Sepehr Utility vehicle [36][37]
Aras Multipurpose Military vehicle [38][39]
Ranger Light Attack Vehicle [40][41]
Neynava Lightweight Truck [42]
Mercedes-Benz L-series truck Truck [43]
Mercedes-Benz Actros Heavy Truck
KrAZ Trucks Heavy Truck [43]



Model Type Quantity Acquired Origin Notes
37mm Marsh Mortar 37mm Mortar Iran
HM 12 60mm Mortar Iran
HM 13 60mm Mortar Iran
HM 14 60mm Mortar Iran
HM 15 81mm Mortar Iran
HM 16 120mm Mortar Iran
Razm Mortar 120mm Mortar Iran [35]
Vafa Mortar 160mm Mortar Iran [38][39]

Mortars Reference 1:[2] Mortars Reference 2:[44]

Towed artillery

Model Type Quantity Acquired Origin Notes
M101A1 105mm Howitzer 130 USA
2A18M Howitzer 540 Russia/China
Type-54 Howitzer 100 China
M1954/Type 59-1 Howitzer 985 USSR/China In 2002, Iran had 1,100 M-46 in conditional use. By 2012 this number has dropped from 985.
M1955 Howitzer 30 USSR/China
WAC-21 Howitzer 15 China
GHN-45 Howitzer 120 Austria
M-114 Howitzer 70 USA
122mm HM 40 Howitzer Iran
155mm HM 41 Howitzer Iran
FH-77B Howitzer 18
G-5 Howitzer 50 South Africa In 1990, Iran had 50 G-5. Howerver, there is no current information on the condition of these Howitzer.
M-115 Howitzer 20 USA
Type 63 MRL/Fajr 1 MRL 700 1986 Iran/China

Artillery Reference 1:[27]

Self-propelled artillery

Model Type Quantity Acquired Origin Notes
2S1 Gvozdika Self-propelled howitzer 60 Russia
Raad 1 Self-propelled howitzer 1996 Iran Based on 2S1 Gvozdika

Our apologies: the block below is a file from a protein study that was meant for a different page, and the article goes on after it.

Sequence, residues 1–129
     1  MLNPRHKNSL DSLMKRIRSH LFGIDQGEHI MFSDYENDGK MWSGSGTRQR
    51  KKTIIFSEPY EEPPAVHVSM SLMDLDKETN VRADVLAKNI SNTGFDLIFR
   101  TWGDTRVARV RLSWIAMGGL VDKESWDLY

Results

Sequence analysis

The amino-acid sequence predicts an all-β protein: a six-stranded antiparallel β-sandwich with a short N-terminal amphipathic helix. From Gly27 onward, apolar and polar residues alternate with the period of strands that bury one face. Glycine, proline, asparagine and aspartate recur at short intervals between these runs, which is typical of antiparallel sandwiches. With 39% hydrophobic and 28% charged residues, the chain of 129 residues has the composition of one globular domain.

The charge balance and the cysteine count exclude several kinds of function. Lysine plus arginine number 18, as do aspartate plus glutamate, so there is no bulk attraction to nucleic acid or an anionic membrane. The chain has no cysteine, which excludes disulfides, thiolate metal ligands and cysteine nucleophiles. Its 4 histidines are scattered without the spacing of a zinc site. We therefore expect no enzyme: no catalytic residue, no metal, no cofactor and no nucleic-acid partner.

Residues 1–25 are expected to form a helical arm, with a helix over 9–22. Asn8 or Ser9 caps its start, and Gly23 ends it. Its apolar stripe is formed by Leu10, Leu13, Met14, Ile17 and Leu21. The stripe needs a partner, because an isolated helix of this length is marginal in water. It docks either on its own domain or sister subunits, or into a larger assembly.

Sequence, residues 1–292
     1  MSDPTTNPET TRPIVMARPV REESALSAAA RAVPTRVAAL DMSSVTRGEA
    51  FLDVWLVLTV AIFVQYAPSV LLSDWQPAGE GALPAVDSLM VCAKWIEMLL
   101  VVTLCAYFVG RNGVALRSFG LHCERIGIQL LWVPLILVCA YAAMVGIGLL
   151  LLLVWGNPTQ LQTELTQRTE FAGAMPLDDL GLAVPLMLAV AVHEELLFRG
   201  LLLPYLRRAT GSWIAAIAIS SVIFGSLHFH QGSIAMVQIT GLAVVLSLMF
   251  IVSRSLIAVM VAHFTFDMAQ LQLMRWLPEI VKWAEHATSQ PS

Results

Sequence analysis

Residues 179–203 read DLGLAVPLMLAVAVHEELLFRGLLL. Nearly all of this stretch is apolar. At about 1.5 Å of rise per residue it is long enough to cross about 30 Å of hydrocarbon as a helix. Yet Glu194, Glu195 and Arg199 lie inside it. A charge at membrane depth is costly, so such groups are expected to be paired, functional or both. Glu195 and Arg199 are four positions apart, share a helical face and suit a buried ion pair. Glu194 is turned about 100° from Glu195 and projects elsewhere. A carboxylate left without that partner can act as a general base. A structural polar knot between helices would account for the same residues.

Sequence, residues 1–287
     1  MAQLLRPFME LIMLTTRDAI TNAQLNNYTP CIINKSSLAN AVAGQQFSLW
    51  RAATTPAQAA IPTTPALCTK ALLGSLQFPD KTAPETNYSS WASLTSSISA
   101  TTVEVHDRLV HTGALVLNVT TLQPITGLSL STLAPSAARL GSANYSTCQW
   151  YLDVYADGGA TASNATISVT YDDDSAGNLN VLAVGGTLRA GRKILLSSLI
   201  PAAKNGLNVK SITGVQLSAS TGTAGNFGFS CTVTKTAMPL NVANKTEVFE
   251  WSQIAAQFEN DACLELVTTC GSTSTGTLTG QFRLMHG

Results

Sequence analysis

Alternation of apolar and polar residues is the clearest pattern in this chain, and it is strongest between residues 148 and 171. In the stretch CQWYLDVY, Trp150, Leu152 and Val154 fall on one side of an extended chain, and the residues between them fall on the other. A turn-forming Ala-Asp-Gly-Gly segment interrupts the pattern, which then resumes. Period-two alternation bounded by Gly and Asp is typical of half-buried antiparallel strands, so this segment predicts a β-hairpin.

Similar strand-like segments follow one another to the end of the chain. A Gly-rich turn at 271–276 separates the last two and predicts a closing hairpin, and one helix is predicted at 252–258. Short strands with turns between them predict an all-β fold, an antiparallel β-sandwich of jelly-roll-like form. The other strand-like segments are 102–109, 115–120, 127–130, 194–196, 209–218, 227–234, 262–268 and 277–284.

Raad 2 Self-propelled howitzer 1997 Iran Based on M109
M-109 Self-propelled howitzer 180 USA
M-1978 Self-propelled howitzer 20 North Korea
M-107 Self-propelled howitzer 30 USA
M-110 Self-propelled howitzer 30 USA
Fajr-3 MRLS 10 1994 Iran
Fajr-5 MRLS 1990s Iran
BM-21 Grad MRLS 100 1978 USSR
122mm Hadid/Azrash/Nur MRLS 50 1994 Iran Domestic BM-21 developments?

SPA Reference:[25]

Surface-to-surface missiles

This refers to ballistic missiles and not battlefield systems. Iran's missile forces are under the command of the Revolutionary Guards, under the army's authority.
Additional information is available at Air Force of the Army of the Guardians of the Islamic Revolution who operate Iran's long-range missiles. Iran was reported to have purchased 18 mobile 3,200-4,000 km Musudan missiles (the extended range version of Soviet R-27 Zyb) in 2005.[45]

Anti ship missiles

Model Type Quantity Acquired Origin Notes
Kowsar 1/2/3 Anti-ship missile Iran Light ASCM based on Chinese C-701 and TL-10 [46]
Nasr-1 Anti ship missile Iran Light ASCM based on Chinese C-705 and TL-6 [46]
Noor Anti-ship missile Iran ASCM based on Chinese C-801 and C-802